Terrorism is not a new phenomenon, as we see in the story of former Georgia Governor Thomas Hardwick.
Born in Thomasville in 1872, Hardwick served in the state legislature in the 1890s as a staunch advocate of disenfranchising black voters. Yet later, he lost an election by opposing the Ku Klux Klan. Hardwick also served in the U.S. House and Senate.
After co-sponsoring an immigration act during World War I that deported suspected anarchists, Italian anarchists sent him a mail bomb. It blew off a servant’s hands and severely injured Hardwick’s wife. Hardwick survived and became Georgia governor in 1921. He appointed Rebecca Latimer Felton as the first woman in the U.S. Senate after Tom Watson’s death in 1922.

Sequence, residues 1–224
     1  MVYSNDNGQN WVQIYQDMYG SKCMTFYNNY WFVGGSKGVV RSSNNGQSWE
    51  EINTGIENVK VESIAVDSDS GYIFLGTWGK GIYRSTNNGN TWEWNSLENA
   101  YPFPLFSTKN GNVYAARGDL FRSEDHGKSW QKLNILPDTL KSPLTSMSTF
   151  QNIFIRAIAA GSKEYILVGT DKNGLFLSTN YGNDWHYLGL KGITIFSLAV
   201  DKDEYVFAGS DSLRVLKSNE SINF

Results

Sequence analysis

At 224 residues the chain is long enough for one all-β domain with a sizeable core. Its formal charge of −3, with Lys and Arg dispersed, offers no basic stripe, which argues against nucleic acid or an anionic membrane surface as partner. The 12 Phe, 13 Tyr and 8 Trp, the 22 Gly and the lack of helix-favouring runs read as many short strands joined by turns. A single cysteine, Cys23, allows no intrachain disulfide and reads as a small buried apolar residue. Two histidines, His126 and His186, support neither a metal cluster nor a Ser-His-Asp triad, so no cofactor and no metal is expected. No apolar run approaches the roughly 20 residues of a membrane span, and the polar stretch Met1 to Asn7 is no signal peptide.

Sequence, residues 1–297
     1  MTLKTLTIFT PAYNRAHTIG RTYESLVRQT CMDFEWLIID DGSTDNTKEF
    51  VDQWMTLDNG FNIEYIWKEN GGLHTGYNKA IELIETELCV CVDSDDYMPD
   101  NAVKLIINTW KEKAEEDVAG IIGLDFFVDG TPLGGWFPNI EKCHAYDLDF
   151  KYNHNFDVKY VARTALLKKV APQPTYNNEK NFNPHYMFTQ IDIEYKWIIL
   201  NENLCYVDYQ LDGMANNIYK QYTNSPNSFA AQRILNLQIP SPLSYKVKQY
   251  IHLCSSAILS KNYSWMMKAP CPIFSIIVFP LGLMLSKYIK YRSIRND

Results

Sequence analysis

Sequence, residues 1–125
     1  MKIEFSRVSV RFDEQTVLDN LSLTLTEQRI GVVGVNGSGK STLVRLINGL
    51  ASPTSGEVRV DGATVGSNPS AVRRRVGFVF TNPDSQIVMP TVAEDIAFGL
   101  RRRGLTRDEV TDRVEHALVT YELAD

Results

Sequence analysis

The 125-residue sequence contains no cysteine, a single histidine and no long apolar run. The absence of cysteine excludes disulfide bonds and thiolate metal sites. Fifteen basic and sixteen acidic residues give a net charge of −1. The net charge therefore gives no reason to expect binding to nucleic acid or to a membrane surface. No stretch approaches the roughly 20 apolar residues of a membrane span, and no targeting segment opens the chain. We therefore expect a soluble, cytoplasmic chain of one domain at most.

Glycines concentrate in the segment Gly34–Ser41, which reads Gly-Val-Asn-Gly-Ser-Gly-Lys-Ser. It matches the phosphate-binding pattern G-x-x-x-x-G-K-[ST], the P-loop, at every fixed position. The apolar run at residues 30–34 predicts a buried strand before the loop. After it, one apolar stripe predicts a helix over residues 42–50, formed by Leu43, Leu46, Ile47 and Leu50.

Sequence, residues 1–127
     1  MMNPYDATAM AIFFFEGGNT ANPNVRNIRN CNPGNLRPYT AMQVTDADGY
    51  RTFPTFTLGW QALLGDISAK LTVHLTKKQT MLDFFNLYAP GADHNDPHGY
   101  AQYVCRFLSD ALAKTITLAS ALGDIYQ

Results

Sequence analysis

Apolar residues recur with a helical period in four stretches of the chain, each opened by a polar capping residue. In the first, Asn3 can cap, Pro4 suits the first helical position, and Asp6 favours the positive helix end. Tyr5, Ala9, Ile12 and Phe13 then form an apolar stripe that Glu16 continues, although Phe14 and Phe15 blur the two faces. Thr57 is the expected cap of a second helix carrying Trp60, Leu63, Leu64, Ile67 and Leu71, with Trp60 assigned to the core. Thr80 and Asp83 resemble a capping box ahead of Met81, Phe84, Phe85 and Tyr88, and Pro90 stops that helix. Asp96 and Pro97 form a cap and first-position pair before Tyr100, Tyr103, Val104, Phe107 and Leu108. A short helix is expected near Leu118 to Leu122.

Hardwick lost re-election for governor after loudly opposing the rise of the new Ku Klux Klan in the early ‘20s.
The man once targeted for assassination by Italian anarchists lived for another 25 years until his death on January 31, 1944, Today in Georgia history.
Today in Georgia History is a joint collaboration of the Georgia Historical Society & Georgia Public Broadcasting.